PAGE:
Iowa Geological & Water Survey Geophysics Program
Using Geophysics to Benefit Society
Knowledge about the shallow subsurface is crucial to understanding and finding solutions for a host of geologic and hydrogeologic investigations. The IGWS is utilizing geophysics as a tool for gathering subsurface information to answer basic geologic questions. Geophysical surveys are enabling IGWS to better target subsurface drilling and, in some instances, minimize drilling. To date, geophysical techniques have been used by the IGWS to:
Identify shallow bedrock and karst terrains.
Characterize fracture patterns in carbonate bedrock systems.
Assess aggregate resource potential.
Map alluvial aquifers.
Evaluate flood-control levee integrity.
Verify depth to shallow bedrock for geologic mapping projects.
In addition, the IGWS is using geophysical techniques to locate and identify buried tanks as well as other potential contaminant sources.
Electromagnetic Ground Conductivity (EM):
An EM raster model image showing conductivity values across a surveyed area.
Subsurface materials can be characterized by their ability to conduct (or resist) electrical currents, which is determined by various physical and chemical properties not limited to grain-size, moisture content, mineralogy, and ion concentrations. When an efficient, non-invasive characterization of lateral variations in the shallow subsurface is desired, EM is often the preferred geophysical method. Ground conductivity data are useful in differentiating average lithologic differences or determining the extent of contaminant plumes. IGWS uses a Geonics Limited EM-31 MK2 electromagnetic (EM) ground conductivity meter to conduct EM surveys. EM field measurements are obtained by walking transects with the EM-31 at hip level, while data are recorded onto a field computer. The unit is 12 feet in length with one end serving as a transmitter coil and the other as a receiver coil. The EM-31 produces average conductivity and/or resistivity (quadrature component, mS/m) and in-phase (metal content, ppt) to approximately 20 feet below ground surface. While walking in roughly straight lines, the unit is capable of recording multiple measurements per second, with each measurement associated with a precise GPS location. Alternatively, the unit can be mounted to an all terrain vehicle (ATV) to provide efficient means of gathering data over large areas. Once plotted using GIS software, measurements can be displayed in a plan view raster. Further investigation of areas of interest can be completed using ER.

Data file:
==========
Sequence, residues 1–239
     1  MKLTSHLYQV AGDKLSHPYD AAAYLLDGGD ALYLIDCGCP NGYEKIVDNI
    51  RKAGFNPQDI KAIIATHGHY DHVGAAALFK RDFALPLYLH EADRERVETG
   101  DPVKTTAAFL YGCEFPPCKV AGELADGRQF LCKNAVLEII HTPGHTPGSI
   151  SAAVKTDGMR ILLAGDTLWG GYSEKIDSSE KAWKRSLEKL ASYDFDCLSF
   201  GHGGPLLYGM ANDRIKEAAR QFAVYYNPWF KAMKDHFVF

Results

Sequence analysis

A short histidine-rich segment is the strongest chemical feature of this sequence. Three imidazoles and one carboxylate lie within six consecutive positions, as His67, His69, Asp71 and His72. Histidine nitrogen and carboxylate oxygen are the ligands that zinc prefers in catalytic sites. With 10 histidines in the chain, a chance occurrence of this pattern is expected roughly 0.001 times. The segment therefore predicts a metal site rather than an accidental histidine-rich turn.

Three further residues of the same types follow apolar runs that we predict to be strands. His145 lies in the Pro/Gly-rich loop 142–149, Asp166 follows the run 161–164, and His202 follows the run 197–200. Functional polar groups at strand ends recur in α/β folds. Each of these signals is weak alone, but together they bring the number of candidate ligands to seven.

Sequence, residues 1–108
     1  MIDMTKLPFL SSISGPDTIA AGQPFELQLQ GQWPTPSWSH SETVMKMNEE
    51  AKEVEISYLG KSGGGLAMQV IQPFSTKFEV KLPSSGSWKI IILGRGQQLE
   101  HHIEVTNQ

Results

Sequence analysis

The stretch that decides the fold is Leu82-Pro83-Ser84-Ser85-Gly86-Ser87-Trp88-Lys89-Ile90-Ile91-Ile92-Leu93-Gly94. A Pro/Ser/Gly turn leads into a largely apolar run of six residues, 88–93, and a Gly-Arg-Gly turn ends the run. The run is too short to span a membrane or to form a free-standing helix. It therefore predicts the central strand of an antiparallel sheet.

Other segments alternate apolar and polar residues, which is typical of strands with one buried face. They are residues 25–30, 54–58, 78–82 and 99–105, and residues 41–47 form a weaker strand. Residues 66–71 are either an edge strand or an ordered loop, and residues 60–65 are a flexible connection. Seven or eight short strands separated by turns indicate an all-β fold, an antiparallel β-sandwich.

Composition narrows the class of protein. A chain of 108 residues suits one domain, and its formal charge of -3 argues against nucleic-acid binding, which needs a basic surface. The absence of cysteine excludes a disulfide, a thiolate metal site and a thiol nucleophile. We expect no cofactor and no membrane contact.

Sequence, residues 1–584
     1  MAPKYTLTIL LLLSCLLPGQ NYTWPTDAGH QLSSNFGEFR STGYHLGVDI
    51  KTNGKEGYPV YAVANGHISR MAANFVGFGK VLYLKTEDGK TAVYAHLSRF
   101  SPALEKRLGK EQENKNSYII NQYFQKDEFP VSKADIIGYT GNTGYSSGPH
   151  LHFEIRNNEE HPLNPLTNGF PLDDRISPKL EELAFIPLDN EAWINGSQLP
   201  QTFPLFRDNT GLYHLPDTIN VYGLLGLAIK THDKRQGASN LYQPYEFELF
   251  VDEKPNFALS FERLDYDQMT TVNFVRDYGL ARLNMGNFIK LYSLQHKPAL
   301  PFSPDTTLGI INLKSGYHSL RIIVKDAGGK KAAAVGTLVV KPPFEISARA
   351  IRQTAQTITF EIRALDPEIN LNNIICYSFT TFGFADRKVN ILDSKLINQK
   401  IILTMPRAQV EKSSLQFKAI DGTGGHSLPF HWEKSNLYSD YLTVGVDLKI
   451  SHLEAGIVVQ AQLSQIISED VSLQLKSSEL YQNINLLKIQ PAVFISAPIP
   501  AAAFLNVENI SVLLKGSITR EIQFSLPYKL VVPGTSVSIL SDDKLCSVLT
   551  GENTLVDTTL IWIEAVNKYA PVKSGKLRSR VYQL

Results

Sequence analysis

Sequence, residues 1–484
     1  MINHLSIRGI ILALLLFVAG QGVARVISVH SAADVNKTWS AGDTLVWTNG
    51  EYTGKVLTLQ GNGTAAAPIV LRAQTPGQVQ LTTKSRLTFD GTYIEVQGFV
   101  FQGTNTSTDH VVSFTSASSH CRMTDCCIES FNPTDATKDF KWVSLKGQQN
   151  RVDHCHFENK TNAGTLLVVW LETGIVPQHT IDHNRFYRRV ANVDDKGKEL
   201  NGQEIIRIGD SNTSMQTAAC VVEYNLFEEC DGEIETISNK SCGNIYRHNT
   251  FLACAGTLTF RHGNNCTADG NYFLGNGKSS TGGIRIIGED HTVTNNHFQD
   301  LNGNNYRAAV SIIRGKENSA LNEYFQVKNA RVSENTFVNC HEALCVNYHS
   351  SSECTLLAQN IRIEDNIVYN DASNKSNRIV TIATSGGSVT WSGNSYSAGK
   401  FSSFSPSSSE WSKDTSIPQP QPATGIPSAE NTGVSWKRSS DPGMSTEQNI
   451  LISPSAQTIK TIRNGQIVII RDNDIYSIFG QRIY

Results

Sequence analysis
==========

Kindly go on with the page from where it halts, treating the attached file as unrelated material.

An EM survey can be conducted on foot, and/or by utilizing an ATV.
Electrical Resistivity (ER):
When characterization of the vertical and horizontal dimensions of stratigraphic units or contaminated zones is required, ER profiling is often the preferred geophysical method. This method is more time consuming than performing an EM survey, but provides better resolution of subsurface variations and is able to penetrate greater depths. The IGWS uses an Advanced Geosciences Inc. (AGI) SuperSting R8 ER meter to conduct surveys. The field measurement of ER is obtained by injecting a known direct current via transmitter electrodes and measuring voltage differences between potential electrodes. An array of up to 56 stainless steel electrodes are spaced up to 20 feet apart, planted in the ground to a depth of approximately 1 foot and connected via electrode cables to a multi-channel resistivity meter. In areas where the surface is impenetrable, such as hard rock surface or concrete, electrodes can be coupled to the ground using sand piles. Measurements are collected and stored in a predetermined manner, then processed using AGI EarthImager inversion software. Final two-dimensional models are produced showing how subsurface materials respond to electrical properties. Model images seek to display their best indication of what the subsurface might look like, to estimated depths of up to 280 feet. The geometry of subsurface geologic materials can be determined when electrical resistivities are properly correlated with nearby borehole data. In addition to ER, the SuperSting can be used in Self Potential (SP) surveying, which detects natural currents in subsurface materials often associated with groundwater flow. Induced Polarization (IP) surveys can also be completed, which measure the ability of subsurface materials to hold a charge. IP is commonly used to determine the extent of ore-bodies in mining regions, but could be useful for groundwater studies in Iowa where ER is insufficient.
The ER meter/processing unit, switch box and 12 volt battery, as well as the electrodes and cables attached to the unit.
For more information about the Geophysics Program at the Iowa Geological & Water Survey, please contact Jason Vogelgesang.
Link to more information on Geophysics:
Society of Exploration Geophysisists